An athlete’s life is defined by action, so being injured and having to go through the gradual steps that lead to rehabilitation and recovery can be maddening
By James Willstrop for the Guardian Sport Network
James Willstrop in action against Nick Matthew (left) in 2014. Photograph: Steven Paston/Action Images
James Willstrop – Thursday 12 February 2015 16.04 GMT
The default mode for any athlete involves movement, exercise and practice: action. Getting up and training the body is just what they do, it defines them and it can become the routine that gets them through the day. Training fulfils the basic function of furnishing the athlete’s day in a working sense, but the physical sensation it provides is as necessary to the full-time athlete as food and water. If they are unable to express that persuasion, it can become a deeper problem – however enticing sofas and box-sets may seem.
Perhaps we can all relate to that feeling at the end of a holiday. Laden by rest, over-indulgence and lack of routine, we are compelled to get back on the horse. The pleasure is only satisfying when juxtaposed against the displeasure.
“I am one of those people who feels I need to be active to be happy. Being injured and able to do so little, I really struggled to relax.” These are the words of one of England’s iconic sportsmen, Jonny Wilkinson, writing in his book Tackling Life, describing his reaction to the many injuries he had as a player.
Many will remember his outrageous consistency as a kicker, his subtle playmaking, tough-as-boots tackling and his ferocious methods of preparation. It is easy to forget just how much he was injured.
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“I had a big operation after the World Cup on my neck,” he writes. “They said to stay in bed and relax for 10 days. I was on a bike with the neck brace on the next day. What the hell was I doing? We just won the World Cup which put me in an interesting position as a 24-year-old, reaching my goal then thinking, what next? The saviour was to get back out there, do what I do then plan to win the next things, but I immediately got the injury, so I couldn’t apply myself in that way. I then overtrained because I was so worried about doing nothing for 10 months, worrying about everyone else, losing ground. So I trained 9 to 5 every day for nine months and broke myself down. Take the rugby away and I was lost, worthless. When I got back on the field I felt I had to be back to my best immediately. Then that was more pressure, more stress, more training, more negativity. With each injury came more depression.’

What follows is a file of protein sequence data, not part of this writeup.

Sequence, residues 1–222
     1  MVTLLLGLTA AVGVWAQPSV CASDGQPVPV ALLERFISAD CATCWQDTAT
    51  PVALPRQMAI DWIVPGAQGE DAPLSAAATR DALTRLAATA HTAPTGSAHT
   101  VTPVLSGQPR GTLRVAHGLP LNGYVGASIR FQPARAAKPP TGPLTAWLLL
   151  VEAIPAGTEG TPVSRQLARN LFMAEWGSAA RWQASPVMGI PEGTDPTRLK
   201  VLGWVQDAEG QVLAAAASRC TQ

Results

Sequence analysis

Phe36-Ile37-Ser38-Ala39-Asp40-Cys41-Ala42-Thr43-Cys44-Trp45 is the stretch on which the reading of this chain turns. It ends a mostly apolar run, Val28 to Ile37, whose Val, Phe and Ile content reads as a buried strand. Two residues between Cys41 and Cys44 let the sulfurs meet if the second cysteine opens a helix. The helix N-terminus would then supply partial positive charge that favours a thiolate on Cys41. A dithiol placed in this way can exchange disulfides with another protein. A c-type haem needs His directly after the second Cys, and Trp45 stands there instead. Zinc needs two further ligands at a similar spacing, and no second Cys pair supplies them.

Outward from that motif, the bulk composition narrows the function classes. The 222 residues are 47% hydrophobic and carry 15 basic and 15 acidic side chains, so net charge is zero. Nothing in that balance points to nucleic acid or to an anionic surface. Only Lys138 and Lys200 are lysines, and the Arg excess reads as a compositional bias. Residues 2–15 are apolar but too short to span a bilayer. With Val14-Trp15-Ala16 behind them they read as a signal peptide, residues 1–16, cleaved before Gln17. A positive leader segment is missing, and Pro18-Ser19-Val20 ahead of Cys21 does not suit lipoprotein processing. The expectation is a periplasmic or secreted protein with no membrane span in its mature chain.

The Adidas marketing poster even portrayed a cartoon of Wilkinson standing ready to kick a rugby ball, with markings on every area of the body on which he had had problems. Wilkonson says he was “dangerously obsessive”. “As opposed to wanting to work hard and enjoying it,” he recalls. “In my head at the time it was life or death.”
I gleaned some insight recently from a compatriot, a genius squash player and current world champion Ramy Ashour from Egypt, who underwent knee surgery in January and has had a bad few years with injuries. We swapped our stories of woe and reflected with good humour on those not so distant days in the past when we played against each other in major finals. He echoed similar frustrations: “I’m just trying to stop myself from eating! At the moment I can clench my quads and do some very easy bike work, that’s it.”